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Curr Diab Rep. 2011 Jun;11(3):211-7. doi: 10.1007/s11892-011-0186-y.

Perivascular adipose tissue and its role in type 2 diabetes and cardiovascular disease.

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Department of Physiology, VU University Medical Center, Amsterdam, The Netherlands.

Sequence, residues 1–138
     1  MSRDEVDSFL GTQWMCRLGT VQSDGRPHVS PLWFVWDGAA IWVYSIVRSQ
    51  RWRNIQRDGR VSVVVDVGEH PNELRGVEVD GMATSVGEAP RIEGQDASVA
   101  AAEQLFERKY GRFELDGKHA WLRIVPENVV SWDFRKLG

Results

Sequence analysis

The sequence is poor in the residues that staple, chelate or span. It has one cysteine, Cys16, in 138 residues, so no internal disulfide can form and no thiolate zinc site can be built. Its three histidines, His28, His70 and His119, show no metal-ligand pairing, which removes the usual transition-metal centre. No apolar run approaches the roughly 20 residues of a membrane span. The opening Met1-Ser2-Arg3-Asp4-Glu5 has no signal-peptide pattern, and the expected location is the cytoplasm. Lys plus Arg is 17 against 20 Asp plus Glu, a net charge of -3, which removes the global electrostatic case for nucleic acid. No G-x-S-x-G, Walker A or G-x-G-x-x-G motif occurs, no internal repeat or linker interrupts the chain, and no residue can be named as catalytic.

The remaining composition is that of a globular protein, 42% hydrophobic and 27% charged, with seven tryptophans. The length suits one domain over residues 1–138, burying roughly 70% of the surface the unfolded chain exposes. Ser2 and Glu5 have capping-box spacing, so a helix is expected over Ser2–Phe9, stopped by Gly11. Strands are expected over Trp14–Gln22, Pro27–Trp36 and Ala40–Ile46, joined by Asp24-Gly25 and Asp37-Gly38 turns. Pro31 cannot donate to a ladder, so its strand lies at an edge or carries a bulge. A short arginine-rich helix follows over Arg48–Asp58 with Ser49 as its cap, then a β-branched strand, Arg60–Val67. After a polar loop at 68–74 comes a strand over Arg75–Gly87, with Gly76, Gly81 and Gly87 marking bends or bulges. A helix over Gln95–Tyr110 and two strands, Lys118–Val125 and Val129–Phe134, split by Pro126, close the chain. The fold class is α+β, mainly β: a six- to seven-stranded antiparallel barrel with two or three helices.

Obesity is associated with insulin resistance, hypertension, and cardiovascular disease, but the mechanisms underlying these associations are incompletely understood. Microvascular dysfunction may play an important role in the pathogenesis of both insulin resistance and hypertension in obesity. Adipose tissue-derived substances (adipokines) and especially inflammatory products of adipose tissue control insulin sensitivity and vascular function. In the past years, adipose tissue associated with the vasculature, or perivascular adipose tissue (PAT), has been shown to produce a variety of adipokines that contribute to regulation of vascular tone and local inflammation. This review describes our current understanding of the mechanisms linking perivascular adipose tissue to vascular function, inflammation, and insulin resistance. Furthermore, we will discuss mechanisms controlling the quantity and adipokines secretion by PAT.

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